Wealth, after all, is merely the accumulation of more and more money and who knows where it’s been? Or where it came from? When Fitzgerald says that Daisy’s voice sounded like money, though, he’s referring to something else, a very specific vocal sound that American moviegoers might know from Katharine Hepburn, Audrey Hepburn, Grace Kelly and (my nomination for the actress who should have played Daisy in the 1949 version) Gene Tierney.

In the hopes of luring his beloved Daisy, Gatsby, meanwhile, throws the grandest parties anywhere in his vast, rambling , absurdly overstaffed “palace” – open-house spectaculars full of senators, movie stars, sports luminaries, musicians, everyone in that democratic aristocracy whose name might be known to others that one has never met.

In one of the movie’s most cunning scenes, we’re reminded that for all Nick’s affection for Gatsby, the mysterious zillionaire himself is not immune to the class barbarisms of wealth. In full earshot of his disapproving domestic staff, Gatsby, at one point, refers on the phone to his concern for them only “as long as they can cook and make beds.” Luhrmann isn’t such an innocent apostle of cinematic ostentation that he forgets that money and class are the decidedly ambiguous stars of the tale.

Those made of flesh – the actors that is – are a different, complex story. DiCaprio is a vastly better Gatsby than Robert Redford in Jack Clayton’s somnolent animated magazine ad from 1974. Tobey Maguire is a better Nick Carraway than expected, even though Luhrmann’s conceit has him narrating the movie in later life as he lives in a sanitarium suffering from “morbid alcoholism” a la Fitzgerald himself.

On the other hand, Carey Mulligan is an earnest pro going through Daisy motions even though she wouldn’t be likely to obsess anyone, much less Jay Gatsby.

A lot of other Luhrmann meat puppets do their best here – Joel Edgerton as Tom Buchanan, Elizabeth Debicki as Daisy’s golf pro pal Jordan Baker, Isla Fisher as Tom’s proletarian mistress Myrtle.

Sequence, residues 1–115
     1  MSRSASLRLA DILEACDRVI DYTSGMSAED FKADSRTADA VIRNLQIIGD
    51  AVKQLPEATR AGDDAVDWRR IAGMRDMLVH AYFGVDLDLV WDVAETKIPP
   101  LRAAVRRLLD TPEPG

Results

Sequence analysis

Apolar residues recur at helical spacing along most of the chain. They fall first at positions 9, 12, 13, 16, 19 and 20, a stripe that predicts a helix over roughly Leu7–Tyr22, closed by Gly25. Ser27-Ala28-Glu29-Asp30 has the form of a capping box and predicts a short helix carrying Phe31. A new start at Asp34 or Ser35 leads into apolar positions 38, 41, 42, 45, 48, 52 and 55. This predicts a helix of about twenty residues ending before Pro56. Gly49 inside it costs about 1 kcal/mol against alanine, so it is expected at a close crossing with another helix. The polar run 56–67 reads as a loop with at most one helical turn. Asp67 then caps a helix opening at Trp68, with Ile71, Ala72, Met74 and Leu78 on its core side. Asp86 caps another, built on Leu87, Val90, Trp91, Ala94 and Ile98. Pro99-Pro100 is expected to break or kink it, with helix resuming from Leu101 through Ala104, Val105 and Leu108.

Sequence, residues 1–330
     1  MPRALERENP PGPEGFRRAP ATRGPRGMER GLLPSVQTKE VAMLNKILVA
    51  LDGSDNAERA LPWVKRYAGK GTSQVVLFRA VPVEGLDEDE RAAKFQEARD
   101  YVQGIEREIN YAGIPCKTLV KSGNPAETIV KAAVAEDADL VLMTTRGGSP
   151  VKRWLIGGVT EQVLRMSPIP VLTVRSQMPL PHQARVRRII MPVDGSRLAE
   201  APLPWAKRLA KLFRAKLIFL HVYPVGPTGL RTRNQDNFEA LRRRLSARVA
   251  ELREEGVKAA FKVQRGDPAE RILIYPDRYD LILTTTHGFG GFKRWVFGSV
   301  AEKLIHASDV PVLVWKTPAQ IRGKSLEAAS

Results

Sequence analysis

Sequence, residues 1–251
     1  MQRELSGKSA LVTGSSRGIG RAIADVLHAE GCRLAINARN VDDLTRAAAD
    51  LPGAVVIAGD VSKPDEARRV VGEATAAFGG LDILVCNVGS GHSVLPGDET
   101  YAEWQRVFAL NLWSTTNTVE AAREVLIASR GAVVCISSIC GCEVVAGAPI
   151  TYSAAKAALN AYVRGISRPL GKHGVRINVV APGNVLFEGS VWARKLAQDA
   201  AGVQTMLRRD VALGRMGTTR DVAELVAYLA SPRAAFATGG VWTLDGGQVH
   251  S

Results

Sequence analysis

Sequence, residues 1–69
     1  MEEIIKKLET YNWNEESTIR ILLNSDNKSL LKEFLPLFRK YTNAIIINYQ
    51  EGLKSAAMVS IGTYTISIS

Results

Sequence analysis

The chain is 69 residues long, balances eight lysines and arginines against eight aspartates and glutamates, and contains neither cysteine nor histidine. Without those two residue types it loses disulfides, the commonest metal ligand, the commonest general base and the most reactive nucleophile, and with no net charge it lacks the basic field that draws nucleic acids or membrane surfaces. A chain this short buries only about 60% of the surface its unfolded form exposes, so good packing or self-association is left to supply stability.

Luhrmann can’t begin to disguise how much more interested he is in the engine roar of Gatsby’s customized yellow Duesenberg convertible. It’s a real thing that only obscenely plentiful money could have bought – just like all the careening CGI effects in his 3-D movie that sometimes seem to begin where Busby Berkley left off.

In his naive innocence, though, Luhrmann thinks he can finally take Fitzgerald’s masterpiece off the library shelf and install it somewhere permanent inside the heart of American mass culture. In his inappropriate, ridiculous and ridiculously likable movie version of it, he will, I think, come closer than anyone else ever has.

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The Great Gatsby

3 1/2 stars

Starring: Leonardio DiCaprio, Carey Mulligan, Tobey Maguire, Joel Edgerton, Elizabeth Debicki and Isla Fisher

Director: Baz Luhrmann

Running time: 143 minutes

Rating: PG-13 for some violent images, sexual content, smoking, partying and profanity.

The Lowdown: Wildly stylized adaptation of F. Scott Fitzgerald’s classic novel about New Money vs. Old Money on 1920’s Long Island.

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email: jsimon@buffnews.com